Party leaders concede the point that their revolution hasn't lived up to everything they promised. But they say voters still see the difference between where the parties stand. Former Republican chairman Ed Gillespie—one of the authors of the Contract with America, on which House Republicans ran in 1994—says, "Our party is still better when it comes to spending than the Democrats, stronger on national security than the Democrats and more likely to share concerns about the coarsening of our culture that a majority of Americans share than the Democrats are." Strategists are putting an optimistic face even on the effects of the Foley scandal, saying their internal polling shows little movement against the G.O.P. Will the Democrats behave any differently if they retake Congress in November? Some would undoubtedly try to use their majority power to exact revenge for Republican overreach. And history has shown them to be just as capable of the type of ideological drift that is tearing at the G.O.P.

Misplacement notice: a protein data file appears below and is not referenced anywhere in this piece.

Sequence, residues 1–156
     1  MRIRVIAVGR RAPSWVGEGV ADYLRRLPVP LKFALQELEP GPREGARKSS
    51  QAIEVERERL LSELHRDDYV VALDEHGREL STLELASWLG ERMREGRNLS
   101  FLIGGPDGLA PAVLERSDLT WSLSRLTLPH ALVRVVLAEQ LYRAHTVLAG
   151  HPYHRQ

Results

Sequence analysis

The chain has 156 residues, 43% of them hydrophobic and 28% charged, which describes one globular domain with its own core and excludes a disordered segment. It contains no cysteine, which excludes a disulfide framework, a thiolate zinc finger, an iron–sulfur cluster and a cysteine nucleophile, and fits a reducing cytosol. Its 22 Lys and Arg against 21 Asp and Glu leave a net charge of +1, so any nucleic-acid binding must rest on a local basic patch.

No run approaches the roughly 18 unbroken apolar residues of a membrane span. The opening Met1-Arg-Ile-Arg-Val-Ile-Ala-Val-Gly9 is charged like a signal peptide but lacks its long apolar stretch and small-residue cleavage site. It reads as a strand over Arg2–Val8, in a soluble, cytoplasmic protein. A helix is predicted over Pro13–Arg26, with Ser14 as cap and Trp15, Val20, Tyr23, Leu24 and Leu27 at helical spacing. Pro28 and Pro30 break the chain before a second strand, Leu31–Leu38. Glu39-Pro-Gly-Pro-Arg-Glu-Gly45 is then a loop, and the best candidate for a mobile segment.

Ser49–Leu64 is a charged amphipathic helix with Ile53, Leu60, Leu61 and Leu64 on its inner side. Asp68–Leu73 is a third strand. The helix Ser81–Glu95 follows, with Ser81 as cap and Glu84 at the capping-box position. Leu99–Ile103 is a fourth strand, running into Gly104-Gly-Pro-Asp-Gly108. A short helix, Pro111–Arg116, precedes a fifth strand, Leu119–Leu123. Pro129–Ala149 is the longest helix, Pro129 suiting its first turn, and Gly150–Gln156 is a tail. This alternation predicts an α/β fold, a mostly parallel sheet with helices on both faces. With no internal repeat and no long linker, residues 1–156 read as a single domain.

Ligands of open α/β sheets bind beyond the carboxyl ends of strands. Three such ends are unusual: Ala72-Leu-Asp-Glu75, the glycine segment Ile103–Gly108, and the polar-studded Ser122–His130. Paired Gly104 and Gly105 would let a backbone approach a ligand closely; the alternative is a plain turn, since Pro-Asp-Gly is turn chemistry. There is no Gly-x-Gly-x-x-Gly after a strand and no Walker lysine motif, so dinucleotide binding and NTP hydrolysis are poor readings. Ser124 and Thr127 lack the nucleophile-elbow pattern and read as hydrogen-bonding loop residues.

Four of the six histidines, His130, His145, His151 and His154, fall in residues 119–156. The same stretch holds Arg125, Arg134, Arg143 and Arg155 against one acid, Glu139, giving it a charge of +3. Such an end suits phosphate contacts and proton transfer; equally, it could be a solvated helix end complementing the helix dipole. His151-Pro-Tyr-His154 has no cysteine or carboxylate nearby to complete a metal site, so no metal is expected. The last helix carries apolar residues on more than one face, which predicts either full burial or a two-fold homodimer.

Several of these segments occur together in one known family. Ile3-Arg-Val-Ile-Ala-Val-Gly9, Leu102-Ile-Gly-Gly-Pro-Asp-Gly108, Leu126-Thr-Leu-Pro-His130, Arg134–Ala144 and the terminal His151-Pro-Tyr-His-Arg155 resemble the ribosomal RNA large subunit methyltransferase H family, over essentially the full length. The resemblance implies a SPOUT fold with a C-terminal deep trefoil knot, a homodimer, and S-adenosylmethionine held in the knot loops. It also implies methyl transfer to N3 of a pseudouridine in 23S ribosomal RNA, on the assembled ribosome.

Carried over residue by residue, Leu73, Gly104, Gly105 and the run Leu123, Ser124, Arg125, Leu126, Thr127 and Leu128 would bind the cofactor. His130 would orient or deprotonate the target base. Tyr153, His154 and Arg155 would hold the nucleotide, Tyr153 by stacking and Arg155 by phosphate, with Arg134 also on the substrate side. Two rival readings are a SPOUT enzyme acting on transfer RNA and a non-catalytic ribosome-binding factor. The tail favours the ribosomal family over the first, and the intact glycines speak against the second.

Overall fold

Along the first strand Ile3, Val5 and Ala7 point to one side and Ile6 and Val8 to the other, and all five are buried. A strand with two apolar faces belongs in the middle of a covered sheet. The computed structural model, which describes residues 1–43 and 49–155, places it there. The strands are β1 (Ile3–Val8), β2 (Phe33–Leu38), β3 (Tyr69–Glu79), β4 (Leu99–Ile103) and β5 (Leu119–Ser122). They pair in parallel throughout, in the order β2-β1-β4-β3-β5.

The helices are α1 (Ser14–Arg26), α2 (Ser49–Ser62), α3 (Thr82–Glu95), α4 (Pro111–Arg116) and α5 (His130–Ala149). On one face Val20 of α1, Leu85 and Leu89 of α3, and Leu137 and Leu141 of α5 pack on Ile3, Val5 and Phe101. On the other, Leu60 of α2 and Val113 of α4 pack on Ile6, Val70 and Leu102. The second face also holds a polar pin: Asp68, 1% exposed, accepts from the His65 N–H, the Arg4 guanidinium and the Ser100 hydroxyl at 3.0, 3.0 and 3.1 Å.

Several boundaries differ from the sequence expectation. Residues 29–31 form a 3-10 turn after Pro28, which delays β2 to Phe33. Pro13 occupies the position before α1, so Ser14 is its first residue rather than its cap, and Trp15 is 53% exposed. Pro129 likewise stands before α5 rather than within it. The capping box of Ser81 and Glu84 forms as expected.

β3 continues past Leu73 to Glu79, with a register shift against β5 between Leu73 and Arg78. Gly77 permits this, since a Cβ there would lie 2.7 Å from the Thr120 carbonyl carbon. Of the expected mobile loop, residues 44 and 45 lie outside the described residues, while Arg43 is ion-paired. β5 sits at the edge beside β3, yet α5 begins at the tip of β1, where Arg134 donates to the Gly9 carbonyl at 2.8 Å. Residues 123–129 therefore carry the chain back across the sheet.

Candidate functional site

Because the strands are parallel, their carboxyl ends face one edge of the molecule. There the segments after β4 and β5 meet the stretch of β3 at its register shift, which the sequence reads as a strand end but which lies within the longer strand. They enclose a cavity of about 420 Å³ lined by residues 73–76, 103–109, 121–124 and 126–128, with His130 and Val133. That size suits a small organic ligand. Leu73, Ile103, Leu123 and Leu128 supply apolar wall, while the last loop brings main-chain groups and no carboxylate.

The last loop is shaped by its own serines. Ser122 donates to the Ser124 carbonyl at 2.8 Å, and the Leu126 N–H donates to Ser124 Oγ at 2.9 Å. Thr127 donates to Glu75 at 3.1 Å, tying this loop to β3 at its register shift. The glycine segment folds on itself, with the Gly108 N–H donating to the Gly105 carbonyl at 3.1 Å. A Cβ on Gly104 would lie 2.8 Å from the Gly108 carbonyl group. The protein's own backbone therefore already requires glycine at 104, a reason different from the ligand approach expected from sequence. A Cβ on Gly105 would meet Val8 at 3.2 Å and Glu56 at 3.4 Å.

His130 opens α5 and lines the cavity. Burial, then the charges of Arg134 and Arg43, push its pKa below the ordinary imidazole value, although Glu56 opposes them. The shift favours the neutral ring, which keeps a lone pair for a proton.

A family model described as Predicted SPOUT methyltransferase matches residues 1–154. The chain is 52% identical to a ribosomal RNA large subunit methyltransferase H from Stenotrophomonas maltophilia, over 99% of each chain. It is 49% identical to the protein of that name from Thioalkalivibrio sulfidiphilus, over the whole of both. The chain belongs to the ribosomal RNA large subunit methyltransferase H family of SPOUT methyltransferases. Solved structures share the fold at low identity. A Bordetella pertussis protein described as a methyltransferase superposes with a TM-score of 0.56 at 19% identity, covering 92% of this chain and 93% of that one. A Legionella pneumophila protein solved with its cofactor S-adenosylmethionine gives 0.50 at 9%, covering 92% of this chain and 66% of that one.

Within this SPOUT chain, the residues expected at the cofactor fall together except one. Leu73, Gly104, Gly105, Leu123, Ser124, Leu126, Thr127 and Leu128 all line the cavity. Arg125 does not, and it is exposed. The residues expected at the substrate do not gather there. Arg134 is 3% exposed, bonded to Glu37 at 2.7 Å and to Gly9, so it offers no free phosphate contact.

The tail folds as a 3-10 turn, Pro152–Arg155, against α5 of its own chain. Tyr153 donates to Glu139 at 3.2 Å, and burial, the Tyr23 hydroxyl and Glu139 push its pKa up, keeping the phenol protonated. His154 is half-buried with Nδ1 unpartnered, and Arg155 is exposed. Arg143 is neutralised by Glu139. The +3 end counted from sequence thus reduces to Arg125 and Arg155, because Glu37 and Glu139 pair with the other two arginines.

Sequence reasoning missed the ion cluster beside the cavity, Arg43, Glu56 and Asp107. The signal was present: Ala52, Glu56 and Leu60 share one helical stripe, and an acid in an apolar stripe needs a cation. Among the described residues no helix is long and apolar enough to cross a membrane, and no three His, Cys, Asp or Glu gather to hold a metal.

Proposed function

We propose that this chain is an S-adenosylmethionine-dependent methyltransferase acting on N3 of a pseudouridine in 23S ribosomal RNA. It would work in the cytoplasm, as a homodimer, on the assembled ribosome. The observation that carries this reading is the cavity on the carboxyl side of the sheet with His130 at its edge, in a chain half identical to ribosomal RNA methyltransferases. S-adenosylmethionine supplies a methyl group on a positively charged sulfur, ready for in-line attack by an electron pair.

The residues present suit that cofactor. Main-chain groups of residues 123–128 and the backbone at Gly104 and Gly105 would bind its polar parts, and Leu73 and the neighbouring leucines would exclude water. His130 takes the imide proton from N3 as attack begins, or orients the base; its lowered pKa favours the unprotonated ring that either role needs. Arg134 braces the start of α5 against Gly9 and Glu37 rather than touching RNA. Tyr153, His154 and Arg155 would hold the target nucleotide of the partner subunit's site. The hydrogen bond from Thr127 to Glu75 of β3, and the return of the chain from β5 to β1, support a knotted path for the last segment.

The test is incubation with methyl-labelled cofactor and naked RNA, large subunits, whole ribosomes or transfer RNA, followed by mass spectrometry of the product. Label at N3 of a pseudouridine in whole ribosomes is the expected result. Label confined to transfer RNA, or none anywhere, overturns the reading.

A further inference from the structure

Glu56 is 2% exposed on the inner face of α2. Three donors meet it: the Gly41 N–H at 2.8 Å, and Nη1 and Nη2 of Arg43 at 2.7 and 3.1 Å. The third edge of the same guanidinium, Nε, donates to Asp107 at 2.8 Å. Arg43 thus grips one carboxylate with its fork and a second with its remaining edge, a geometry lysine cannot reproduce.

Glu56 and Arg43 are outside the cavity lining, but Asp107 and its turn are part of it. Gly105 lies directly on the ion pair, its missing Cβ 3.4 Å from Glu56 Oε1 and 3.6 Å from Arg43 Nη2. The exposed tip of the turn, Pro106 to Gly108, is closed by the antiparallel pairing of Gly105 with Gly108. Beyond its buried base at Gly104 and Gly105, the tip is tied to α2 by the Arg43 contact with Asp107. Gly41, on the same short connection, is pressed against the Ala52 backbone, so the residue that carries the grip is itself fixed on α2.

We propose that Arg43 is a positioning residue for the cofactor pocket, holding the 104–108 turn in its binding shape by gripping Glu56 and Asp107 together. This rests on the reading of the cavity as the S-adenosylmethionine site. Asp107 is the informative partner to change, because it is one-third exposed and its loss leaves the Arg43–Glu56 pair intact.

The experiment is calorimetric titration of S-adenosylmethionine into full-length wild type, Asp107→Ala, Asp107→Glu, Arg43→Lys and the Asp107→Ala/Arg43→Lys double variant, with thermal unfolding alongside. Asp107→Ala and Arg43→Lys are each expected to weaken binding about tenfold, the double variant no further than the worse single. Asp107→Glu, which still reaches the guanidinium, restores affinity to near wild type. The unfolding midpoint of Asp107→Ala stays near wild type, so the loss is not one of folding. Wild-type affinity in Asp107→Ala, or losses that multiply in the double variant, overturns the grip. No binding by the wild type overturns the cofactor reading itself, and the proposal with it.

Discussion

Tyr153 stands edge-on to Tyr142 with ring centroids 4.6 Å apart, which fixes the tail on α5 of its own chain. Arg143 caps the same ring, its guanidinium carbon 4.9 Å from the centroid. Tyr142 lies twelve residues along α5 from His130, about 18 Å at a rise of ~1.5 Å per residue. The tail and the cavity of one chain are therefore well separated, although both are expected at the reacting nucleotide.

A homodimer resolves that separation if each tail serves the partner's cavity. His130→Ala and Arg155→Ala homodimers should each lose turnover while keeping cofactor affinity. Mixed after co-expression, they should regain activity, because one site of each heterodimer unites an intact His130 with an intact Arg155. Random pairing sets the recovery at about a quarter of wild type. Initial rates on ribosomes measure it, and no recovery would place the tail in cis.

For now, though, the question on everyone's mind is, How do the Republicans find their way from here? A number of conservatives have begun to wonder aloud if it wouldn't be better for the party to lose the House or Senate in November. If the revolutionaries have become the redcoats, then perhaps it's time for another uprising. Send the Republicans back into the wilderness so they can forage for the kind of fresh ideas and guerrilla tactics that made them such a force during their previous march on Washington. They could very well be ready in time for the presidential election in 2008. And while they're out there on the campaign trail, they just might rally around their old general, who will be looking to cap his own hardscrabble journey from political pariah to rehabbed revolutionary. That general, of course, is none other than former Speaker Gingrich, who has been spotted in Iowa, New Hampshire and other battleground states for more than a year now, taking potshots at the Establishment he helped create and rearming himself to storm the next barricade.
—With reporting by Mike Allen, Melissa August, Perry Bacon Jr., Brian Bennett, Timothy J. Burger, Massimo Calabresi, James Carney and Ana Marie Cox/ Washington and Jeffrey Ressner/Simi Valley